Gilbert the Butler was the personal butler/secretary of a billionaire David Lister, in an alternate timeline where Lister had altered his past through the use of timeslides. In this alternate timeline, Lister had never joined the Space Corps and Red Dwarf, and instead stayed on Earth.
Gilbert was constantly irritated by Lister's juvenile behaviour (especially the construction of a giant urinating statue to "slay" his guests for a planned royal visit), but Gilbert appeased his employer's ego nonetheless. He possessed a very dry, sarcastic manner, which seemed to pass over Lister's head. Gilbert was always professional, but did roll his eyes at Lister behind his back.
When Rimmer appeared at Lister's mansion to try and persuade Lister to rejoin Red Dwarf, he called "Mr. Roomer" a nutter, since he had never actually met him in this timeline, and had Gilbert throw Rimmer out.
- Lister: "Gilbert my man, you're looking bad, baby!"
- Gilbert: "I'm assured it will be functional for the royal visit next week. I'm barely recovering from the hilarity of the gag myself, Sir. Almost Swiftian in its rapier-like subtlety." [Discussing Lister's giant urinating statue in the courtyard of his mansion.]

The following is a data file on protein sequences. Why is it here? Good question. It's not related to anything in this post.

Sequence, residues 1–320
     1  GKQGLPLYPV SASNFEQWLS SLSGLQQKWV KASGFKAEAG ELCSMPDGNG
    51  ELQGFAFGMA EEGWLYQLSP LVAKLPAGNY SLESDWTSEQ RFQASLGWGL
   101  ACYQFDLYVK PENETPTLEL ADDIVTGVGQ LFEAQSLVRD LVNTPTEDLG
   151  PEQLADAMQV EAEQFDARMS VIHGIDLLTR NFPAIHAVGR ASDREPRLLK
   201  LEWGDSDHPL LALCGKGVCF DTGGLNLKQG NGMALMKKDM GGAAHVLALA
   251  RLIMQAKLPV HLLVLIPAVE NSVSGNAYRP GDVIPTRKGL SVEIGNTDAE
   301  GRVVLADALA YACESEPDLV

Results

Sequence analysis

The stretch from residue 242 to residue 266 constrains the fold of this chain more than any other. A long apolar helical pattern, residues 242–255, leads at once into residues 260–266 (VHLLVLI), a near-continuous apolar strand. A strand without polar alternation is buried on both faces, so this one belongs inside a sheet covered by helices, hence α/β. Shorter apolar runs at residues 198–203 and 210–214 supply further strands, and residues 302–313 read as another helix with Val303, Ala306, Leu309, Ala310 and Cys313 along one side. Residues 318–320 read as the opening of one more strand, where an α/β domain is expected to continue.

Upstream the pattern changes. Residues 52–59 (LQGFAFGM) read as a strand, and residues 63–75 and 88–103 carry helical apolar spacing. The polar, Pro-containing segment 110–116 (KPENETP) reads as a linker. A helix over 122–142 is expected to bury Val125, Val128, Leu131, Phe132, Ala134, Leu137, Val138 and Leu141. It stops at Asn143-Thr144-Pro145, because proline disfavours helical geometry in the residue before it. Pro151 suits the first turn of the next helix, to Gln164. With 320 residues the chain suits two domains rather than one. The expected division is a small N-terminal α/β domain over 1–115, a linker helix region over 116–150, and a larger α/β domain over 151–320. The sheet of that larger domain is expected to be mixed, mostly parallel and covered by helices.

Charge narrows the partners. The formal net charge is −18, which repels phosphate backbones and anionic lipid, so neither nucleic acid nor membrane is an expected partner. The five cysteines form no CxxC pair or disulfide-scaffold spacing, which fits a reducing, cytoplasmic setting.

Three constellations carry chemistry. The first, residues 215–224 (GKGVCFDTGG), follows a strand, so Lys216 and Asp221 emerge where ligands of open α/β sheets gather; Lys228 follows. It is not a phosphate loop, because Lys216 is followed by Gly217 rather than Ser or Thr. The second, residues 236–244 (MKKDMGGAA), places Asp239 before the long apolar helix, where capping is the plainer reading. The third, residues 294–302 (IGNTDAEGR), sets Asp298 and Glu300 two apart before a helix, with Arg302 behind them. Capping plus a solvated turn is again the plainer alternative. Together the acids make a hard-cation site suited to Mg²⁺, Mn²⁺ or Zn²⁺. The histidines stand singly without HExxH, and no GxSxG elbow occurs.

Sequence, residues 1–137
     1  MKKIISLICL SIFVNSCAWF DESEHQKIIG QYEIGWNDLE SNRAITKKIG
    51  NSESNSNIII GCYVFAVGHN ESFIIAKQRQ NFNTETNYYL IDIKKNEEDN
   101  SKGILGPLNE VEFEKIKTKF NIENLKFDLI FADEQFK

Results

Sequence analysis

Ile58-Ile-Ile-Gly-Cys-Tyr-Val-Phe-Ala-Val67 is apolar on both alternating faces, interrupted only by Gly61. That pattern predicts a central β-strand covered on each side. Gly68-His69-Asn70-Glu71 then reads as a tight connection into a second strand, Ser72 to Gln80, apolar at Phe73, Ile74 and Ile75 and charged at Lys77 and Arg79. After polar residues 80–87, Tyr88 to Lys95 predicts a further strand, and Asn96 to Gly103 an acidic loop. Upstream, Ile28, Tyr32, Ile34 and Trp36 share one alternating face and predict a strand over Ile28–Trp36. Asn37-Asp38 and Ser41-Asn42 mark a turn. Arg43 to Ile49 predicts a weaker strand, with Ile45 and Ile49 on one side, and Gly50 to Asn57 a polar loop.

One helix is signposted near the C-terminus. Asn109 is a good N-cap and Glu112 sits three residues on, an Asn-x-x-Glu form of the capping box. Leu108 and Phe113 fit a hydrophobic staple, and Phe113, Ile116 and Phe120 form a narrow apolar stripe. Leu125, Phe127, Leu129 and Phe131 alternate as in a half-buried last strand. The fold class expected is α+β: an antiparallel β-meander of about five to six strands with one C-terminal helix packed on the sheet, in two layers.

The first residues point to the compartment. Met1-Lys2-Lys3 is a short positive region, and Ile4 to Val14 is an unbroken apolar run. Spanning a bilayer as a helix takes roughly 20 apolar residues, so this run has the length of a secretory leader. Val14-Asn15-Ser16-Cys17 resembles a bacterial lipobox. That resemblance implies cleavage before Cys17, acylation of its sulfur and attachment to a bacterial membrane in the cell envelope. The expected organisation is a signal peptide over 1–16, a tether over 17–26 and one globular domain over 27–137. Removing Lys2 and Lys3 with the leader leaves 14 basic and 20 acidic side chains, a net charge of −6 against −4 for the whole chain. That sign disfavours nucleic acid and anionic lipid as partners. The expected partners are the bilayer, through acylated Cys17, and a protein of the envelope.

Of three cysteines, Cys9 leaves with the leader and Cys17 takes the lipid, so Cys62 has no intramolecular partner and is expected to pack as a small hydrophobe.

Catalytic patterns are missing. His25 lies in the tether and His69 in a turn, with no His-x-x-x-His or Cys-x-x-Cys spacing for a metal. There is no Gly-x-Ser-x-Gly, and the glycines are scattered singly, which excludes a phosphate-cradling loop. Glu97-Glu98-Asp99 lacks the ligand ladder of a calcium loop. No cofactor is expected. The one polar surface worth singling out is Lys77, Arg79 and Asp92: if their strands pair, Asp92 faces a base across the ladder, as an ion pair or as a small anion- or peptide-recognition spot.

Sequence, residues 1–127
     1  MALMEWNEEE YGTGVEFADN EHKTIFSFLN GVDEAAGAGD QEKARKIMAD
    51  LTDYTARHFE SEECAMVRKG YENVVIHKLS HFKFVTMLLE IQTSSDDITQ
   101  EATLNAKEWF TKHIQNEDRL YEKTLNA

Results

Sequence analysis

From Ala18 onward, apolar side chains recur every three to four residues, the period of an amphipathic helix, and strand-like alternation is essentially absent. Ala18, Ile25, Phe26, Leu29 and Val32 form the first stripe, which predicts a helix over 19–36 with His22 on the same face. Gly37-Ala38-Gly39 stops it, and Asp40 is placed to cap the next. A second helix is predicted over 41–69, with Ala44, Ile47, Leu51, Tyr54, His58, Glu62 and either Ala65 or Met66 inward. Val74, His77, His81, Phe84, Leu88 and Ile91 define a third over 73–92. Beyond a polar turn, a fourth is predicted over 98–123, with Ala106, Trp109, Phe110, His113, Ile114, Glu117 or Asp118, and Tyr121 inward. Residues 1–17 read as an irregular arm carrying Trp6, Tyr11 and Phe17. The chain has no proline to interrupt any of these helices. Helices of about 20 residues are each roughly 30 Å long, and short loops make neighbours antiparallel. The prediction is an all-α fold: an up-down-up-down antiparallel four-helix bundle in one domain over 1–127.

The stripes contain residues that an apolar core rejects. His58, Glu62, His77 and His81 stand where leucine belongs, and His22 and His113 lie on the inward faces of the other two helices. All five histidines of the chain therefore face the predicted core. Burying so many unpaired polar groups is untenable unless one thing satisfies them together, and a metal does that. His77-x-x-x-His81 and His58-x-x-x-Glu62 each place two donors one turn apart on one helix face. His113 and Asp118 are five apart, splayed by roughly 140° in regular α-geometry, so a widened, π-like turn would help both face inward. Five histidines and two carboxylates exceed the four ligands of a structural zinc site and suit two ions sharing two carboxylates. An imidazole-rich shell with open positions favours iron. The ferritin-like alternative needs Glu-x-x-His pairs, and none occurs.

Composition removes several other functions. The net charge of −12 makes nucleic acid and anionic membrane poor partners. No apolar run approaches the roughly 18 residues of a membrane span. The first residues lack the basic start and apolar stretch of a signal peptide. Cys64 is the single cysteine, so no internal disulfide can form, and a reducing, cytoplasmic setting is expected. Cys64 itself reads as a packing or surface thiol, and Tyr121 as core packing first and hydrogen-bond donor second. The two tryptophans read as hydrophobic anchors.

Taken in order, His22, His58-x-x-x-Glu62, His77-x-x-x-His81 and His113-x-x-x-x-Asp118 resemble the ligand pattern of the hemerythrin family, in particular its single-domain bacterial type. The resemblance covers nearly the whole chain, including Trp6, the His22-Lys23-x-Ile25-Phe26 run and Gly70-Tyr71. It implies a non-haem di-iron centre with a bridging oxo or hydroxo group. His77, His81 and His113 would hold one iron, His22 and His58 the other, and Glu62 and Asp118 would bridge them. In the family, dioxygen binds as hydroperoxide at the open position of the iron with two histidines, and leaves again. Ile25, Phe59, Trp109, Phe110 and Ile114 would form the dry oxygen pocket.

- Gilbert: "For Madame, lobster a la Grecque. For Sir, a sausage and onion gravy sandwich, flown in from Liverpool's Luigi's Fish n Chip Emporium. An artist without comparison, Sir."
- Gilbert: "Apparently the gentleman's name is Rimmer, Sir." [After Rimmer has appeared in the timeline, and repeatedly said his name, although this Lister has never met Rimmer]
- Given that Arnold Rimmer undid this timeline for selfish reasons, the question of Gilbert's existence in the 'mainstream' timeline is unresolved. It is likely that in the 'prime' timeline, Gilbert was the butler of the original billionaire and creator of the Tension Sheet, Thickie Holden, whose invention (and life) the Dwarfers had tried to steal.
Behind the ScenesEdit
- Gilbert's observation of the "Swiftian" nature of the fountain is literal, since, in the unexpurgated text of his masterpiece, Gulliver deals with a fire in the Lilliputian royal palace in precisely this manner.